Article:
The Broadcasting Board of Governors is mourning the loss of Kenneth Tomlinson, former director of the Voice of America as well as BBG board chairman.
Tomlinson died May 1. He was 69.
In 1982, President Ronald Reagan appointed Tomlinson director of the VOA, a position he held until 1994.
In 2002, President George W. Bush appointed Tomlinson to chair the BBG. He held the position until 2007. The BBG is an independent federal agency that oversees nonmilitary U.S. international broadcasting, including the Voice of America, Radio Free Europe/Radio Liberty, Radio Free Asia, Radio and TV Marti, and the Middle East Broadcasting Networks.
BBG Chairman Jeff Shell says Tomlinson “was well regarded by many for having a keen sense of the news. He launched important projects in response to the information needs of audiences abroad.”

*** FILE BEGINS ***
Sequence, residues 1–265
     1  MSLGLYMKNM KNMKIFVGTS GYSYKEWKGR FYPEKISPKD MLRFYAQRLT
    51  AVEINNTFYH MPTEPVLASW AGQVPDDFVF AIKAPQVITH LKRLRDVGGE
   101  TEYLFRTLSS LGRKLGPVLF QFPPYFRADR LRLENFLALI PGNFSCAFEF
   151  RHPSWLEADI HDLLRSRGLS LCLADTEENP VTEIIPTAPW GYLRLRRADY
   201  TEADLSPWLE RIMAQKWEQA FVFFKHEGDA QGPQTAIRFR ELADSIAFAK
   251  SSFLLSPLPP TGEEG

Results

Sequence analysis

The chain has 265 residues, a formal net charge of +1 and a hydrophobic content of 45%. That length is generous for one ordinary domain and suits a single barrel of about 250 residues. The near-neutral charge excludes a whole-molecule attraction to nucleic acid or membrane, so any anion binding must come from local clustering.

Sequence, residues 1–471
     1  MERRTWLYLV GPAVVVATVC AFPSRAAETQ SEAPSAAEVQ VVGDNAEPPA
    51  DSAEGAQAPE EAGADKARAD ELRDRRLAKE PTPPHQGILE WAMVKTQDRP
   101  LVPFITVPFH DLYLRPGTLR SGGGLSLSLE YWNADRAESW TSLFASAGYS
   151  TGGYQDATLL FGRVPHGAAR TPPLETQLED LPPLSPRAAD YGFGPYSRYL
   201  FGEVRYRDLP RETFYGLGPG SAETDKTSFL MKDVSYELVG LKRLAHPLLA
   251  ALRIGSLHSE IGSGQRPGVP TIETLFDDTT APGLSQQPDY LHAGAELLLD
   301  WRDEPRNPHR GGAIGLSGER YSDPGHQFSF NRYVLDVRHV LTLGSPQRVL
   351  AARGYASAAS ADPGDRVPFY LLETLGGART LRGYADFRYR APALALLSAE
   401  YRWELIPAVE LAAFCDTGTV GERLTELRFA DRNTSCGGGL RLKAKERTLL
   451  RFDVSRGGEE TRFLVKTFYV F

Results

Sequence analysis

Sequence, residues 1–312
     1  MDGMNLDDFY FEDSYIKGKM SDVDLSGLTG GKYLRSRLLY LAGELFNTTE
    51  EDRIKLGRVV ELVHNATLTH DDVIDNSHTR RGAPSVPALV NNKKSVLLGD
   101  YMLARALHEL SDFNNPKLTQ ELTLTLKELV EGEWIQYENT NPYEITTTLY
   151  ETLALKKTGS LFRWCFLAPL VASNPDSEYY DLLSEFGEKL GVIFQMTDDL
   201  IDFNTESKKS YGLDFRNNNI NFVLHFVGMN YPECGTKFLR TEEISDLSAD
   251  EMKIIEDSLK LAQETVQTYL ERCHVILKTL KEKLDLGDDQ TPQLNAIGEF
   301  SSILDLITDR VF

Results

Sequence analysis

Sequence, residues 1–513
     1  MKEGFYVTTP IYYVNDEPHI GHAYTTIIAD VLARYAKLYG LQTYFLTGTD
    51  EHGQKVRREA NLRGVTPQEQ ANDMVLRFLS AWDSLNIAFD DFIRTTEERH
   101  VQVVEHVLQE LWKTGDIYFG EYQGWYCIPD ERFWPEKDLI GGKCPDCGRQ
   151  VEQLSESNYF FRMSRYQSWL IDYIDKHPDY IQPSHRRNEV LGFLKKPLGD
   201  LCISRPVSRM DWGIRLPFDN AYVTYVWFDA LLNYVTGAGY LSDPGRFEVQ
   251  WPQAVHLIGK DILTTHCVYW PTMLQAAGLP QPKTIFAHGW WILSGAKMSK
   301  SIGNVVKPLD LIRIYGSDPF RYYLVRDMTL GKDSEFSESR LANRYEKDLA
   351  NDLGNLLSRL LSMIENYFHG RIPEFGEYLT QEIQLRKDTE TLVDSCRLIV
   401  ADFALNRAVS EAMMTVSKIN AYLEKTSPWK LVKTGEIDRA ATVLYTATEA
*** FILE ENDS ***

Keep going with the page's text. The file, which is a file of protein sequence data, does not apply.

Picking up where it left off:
While chairing the BBG, Tomlinson oversaw the launch of the Arabic-language service Alhurra TV. He’s also credited with significantly expanding the agency’s radio and TV programming for Afghanistan, Iran and Cuba, according to the BBG.
Tomlinson began his media career as a reporter for The Richmond Times-Dispatchin 1965. In 1968, he moved to the Washington bureau of Reader’s Digest.
After his tenure at VOA, Tomlinson returned to Reader’s Digest as managing editor. He became executive editor in 1985 and editor-in-chief in 1989. He retired from the magazine in 1996. He is survived by his wife, Rebecca Moore Tomlinson, and two sons.
Tomlinson’s funeral is set for this Friday.